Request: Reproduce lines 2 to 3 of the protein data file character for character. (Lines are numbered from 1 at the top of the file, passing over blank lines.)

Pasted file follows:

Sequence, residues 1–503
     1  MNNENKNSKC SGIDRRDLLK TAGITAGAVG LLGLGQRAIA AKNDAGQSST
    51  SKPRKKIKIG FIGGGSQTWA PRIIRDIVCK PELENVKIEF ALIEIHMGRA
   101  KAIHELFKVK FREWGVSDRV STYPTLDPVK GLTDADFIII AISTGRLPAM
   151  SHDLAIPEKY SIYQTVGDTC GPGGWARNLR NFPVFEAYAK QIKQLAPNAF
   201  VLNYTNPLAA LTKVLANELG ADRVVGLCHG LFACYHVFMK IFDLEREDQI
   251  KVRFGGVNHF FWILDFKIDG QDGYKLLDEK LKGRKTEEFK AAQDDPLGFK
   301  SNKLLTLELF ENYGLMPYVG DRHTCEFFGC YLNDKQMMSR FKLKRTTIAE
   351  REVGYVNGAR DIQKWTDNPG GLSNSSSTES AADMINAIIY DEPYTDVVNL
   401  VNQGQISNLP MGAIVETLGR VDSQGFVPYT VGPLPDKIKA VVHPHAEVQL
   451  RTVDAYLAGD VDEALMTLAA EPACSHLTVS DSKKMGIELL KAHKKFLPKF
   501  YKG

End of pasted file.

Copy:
     1  MNNENKNSKC SGIDRRDLLK TAGITAGAVG LLGLGQRAIA AKNDAGQSST
    51  SKPRKKIKIG FIGGGSQTWA PRIIRDIVCK PELENVKIEF ALIEIHMGRA